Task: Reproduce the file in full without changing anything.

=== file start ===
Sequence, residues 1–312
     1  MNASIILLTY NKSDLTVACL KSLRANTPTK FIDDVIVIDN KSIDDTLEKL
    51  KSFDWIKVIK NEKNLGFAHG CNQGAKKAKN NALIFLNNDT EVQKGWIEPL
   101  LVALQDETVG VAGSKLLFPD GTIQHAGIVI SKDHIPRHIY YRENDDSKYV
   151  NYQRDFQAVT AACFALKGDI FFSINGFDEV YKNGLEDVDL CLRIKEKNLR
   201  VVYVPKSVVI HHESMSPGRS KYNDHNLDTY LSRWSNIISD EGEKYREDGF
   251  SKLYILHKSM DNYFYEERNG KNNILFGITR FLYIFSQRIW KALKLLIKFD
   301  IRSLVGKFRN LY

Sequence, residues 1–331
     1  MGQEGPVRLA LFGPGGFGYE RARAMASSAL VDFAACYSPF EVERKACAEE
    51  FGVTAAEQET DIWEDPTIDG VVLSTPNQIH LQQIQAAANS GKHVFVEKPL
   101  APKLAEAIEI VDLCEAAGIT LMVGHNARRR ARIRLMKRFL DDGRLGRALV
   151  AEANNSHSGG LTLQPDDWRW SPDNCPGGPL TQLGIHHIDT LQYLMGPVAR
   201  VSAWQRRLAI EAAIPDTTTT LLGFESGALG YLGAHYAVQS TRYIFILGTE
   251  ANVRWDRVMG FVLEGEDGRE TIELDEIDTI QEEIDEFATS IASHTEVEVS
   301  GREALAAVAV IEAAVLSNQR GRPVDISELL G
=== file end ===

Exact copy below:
Sequence, residues 1–312
     1  MNASIILLTY NKSDLTVACL KSLRANTPTK FIDDVIVIDN KSIDDTLEKL
    51  KSFDWIKVIK NEKNLGFAHG CNQGAKKAKN NALIFLNNDT EVQKGWIEPL
   101  LVALQDETVG VAGSKLLFPD GTIQHAGIVI SKDHIPRHIY YRENDDSKYV
   151  NYQRDFQAVT AACFALKGDI FFSINGFDEV YKNGLEDVDL CLRIKEKNLR
   201  VVYVPKSVVI HHESMSPGRS KYNDHNLDTY LSRWSNIISD EGEKYREDGF
   251  SKLYILHKSM DNYFYEERNG KNNILFGITR FLYIFSQRIW KALKLLIKFD
   301  IRSLVGKFRN LY

Sequence, residues 1–331
     1  MGQEGPVRLA LFGPGGFGYE RARAMASSAL VDFAACYSPF EVERKACAEE
    51  FGVTAAEQET DIWEDPTIDG VVLSTPNQIH LQQIQAAANS GKHVFVEKPL
   101  APKLAEAIEI VDLCEAAGIT LMVGHNARRR ARIRLMKRFL DDGRLGRALV
   151  AEANNSHSGG LTLQPDDWRW SPDNCPGGPL TQLGIHHIDT LQYLMGPVAR
   201  VSAWQRRLAI EAAIPDTTTT LLGFESGALG YLGAHYAVQS TRYIFILGTE
   251  ANVRWDRVMG FVLEGEDGRE TIELDEIDTI QEEIDEFATS IASHTEVEVS
   301  GREALAAVAV IEAAVLSNQR GRPVDISELL G